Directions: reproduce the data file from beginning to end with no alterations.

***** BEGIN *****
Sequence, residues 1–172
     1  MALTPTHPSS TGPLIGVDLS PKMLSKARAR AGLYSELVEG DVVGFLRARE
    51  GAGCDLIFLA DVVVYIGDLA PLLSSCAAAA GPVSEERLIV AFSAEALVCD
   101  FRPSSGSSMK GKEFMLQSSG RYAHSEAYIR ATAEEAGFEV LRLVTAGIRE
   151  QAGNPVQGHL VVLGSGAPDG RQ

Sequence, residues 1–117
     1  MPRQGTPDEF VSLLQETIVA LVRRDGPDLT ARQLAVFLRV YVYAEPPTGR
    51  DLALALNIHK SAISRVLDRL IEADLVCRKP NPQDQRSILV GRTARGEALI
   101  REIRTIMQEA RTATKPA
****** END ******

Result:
Sequence, residues 1–172
     1  MALTPTHPSS TGPLIGVDLS PKMLSKARAR AGLYSELVEG DVVGFLRARE
    51  GAGCDLIFLA DVVVYIGDLA PLLSSCAAAA GPVSEERLIV AFSAEALVCD
   101  FRPSSGSSMK GKEFMLQSSG RYAHSEAYIR ATAEEAGFEV LRLVTAGIRE
   151  QAGNPVQGHL VVLGSGAPDG RQ

Sequence, residues 1–117
     1  MPRQGTPDEF VSLLQETIVA LVRRDGPDLT ARQLAVFLRV YVYAEPPTGR
    51  DLALALNIHK SAISRVLDRL IEADLVCRKP NPQDQRSILV GRTARGEALI
   101  REIRTIMQEA RTATKPA